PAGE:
(Adds context, details)
July 8 China's CITIC Resources Holdings Ltd
has begun court proceedings against the operator of a
bonded warehouse at Qingdao port as legal action ramps up
following an investigation into metals financing fraud at the
world's seventh busiest port.
CITIC Resources said last month it had been unable to secure
around 120,000 tonnes of alumina, more than half of the alumina
stocks it had title to that were stored at the port pending
payment by buyers and delivery.
Under the legal action, CITIC is requiring the port operator
to confirm its ownership of 223,270 tonnes of alumina and 7,486
tonnes of copper, and to release the metal to the group or to
offer compensation, it said in a filing to the Hong Kong stock
exchange on Tuesday.
"Until the status of the investigation is clarified and the
group has conducted its own investigation, the company is not
able to accurately assess the impact on the Group's alumina and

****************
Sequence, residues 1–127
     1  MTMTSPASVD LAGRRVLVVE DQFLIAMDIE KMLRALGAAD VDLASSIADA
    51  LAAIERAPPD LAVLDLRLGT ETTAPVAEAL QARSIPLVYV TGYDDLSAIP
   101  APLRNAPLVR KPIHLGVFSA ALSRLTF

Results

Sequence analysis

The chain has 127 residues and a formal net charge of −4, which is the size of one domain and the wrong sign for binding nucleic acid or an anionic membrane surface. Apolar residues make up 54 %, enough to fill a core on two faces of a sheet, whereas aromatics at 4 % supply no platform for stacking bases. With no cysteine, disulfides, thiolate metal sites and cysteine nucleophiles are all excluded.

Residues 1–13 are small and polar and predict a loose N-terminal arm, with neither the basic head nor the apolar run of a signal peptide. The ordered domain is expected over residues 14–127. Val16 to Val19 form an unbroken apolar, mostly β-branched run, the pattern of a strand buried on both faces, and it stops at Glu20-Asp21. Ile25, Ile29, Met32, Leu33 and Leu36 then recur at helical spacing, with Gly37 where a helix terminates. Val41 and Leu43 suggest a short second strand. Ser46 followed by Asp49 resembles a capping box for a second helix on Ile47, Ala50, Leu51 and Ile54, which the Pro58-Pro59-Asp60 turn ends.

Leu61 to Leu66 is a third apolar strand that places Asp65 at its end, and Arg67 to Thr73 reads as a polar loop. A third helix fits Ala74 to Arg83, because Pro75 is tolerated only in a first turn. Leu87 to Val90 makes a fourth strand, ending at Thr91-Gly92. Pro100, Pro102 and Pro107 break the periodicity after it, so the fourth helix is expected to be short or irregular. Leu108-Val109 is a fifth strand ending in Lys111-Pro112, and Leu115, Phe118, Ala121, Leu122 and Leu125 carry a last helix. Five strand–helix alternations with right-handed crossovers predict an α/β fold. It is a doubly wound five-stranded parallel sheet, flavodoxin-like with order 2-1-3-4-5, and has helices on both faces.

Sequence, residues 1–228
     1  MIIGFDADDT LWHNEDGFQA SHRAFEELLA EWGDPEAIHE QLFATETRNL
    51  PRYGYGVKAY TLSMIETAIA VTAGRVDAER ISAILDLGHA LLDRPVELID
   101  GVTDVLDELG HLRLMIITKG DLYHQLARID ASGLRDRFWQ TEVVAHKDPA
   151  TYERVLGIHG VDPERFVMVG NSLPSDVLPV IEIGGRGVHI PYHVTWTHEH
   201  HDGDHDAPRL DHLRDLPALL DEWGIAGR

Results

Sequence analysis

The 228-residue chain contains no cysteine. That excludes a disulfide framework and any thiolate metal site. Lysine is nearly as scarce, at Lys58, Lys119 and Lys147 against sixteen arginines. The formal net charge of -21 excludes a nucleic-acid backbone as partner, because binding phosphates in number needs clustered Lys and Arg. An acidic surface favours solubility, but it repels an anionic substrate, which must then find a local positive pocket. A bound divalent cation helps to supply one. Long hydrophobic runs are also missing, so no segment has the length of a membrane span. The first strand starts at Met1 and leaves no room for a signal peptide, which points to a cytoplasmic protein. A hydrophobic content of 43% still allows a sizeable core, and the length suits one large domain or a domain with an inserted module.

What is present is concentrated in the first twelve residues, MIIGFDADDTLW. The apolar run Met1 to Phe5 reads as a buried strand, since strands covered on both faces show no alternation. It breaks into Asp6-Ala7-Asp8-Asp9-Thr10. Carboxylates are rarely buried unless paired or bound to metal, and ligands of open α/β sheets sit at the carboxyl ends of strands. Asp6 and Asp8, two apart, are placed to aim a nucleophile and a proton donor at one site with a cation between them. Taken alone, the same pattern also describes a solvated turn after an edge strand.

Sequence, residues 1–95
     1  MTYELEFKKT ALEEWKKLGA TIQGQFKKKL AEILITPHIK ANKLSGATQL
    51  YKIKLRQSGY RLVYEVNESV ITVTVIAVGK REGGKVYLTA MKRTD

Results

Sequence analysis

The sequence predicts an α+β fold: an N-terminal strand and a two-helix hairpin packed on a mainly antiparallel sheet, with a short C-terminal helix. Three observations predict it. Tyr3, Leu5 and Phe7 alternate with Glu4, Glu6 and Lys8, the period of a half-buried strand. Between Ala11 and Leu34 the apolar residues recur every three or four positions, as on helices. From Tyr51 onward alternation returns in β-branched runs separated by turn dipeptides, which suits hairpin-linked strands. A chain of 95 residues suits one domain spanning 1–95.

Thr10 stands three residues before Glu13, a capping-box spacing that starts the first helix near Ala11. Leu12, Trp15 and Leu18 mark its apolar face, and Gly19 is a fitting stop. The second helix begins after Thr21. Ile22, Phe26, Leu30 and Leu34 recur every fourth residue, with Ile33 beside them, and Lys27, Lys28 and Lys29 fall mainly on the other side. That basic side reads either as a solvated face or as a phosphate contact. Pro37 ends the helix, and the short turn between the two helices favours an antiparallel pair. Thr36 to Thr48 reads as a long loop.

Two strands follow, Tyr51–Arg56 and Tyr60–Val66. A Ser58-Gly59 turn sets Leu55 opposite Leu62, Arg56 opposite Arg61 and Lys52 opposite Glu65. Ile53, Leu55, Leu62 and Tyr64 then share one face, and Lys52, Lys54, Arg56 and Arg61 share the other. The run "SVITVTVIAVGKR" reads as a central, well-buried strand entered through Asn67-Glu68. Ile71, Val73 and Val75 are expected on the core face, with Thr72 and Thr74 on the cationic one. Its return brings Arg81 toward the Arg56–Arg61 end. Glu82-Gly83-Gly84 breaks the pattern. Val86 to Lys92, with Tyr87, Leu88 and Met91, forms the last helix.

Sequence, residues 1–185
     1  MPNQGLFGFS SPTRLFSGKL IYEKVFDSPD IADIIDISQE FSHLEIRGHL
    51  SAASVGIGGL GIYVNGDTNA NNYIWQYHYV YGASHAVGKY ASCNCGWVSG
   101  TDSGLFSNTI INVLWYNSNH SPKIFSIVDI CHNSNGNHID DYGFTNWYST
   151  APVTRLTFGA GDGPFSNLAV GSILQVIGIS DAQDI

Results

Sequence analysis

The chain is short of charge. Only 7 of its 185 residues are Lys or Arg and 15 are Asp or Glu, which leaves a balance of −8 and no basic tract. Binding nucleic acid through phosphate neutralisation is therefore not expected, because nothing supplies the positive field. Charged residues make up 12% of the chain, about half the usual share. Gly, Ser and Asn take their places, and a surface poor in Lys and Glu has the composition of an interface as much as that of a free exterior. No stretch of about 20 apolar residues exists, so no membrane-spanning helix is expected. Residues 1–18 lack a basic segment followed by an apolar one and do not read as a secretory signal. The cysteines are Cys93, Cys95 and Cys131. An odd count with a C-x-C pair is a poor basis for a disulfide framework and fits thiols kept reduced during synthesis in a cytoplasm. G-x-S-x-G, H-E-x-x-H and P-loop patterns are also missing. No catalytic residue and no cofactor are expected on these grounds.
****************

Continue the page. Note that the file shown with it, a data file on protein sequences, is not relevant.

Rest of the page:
copper stored at Qingdao port or on the Group itself," CITIC
said in the filing.
CITIC Resources, in which Singapore sovereign wealth fund
Temasek Holdings has an 11.46 percent stake, is the
commodities trading unit of China's biggest and oldest
state-owned financial conglomerate company, Citic Group Corp.
CITIC is the second company to say it has started legal
action to recoup losses since Chinese authorities launched an
investigation last month over the alleged duplication of
warehouse receipts to obtain multiple loans secured against a
single cargo of metal.
They are investigating the company at the centre of the
fraud Decheng Mining and linked companies. Decheng Mining has
not commented on the probe.
Last month, China's Shanxi Coal International Energy Group
said it was suing Decheng and its parent for over $177 million
in missed payments the two had guaranteed.
But given multiple global and domestic banks and collateral
managers have been hit by the potential fraud, each with their
own tailored contracts, questions over jurisdiction, liability
and length of the court process remain.
As details of the potential fraud become clearer, the
possible exposure of various parties to Decheng and its parent
could amount to around $2.8 billion, according to an aggregation
of amounts contained in company statements and Chinese media.
Goldman Sachs estimated in March that commodity-backed deals
account for as much as $160 billion, or about 30 percent of
China's short-term foreign-exchange borrowing.
(Reporting by Melanie Burton in Melbourne; Additional reporting
by Fayen Wong in Shangai; Editing by Stephen Coates and Richard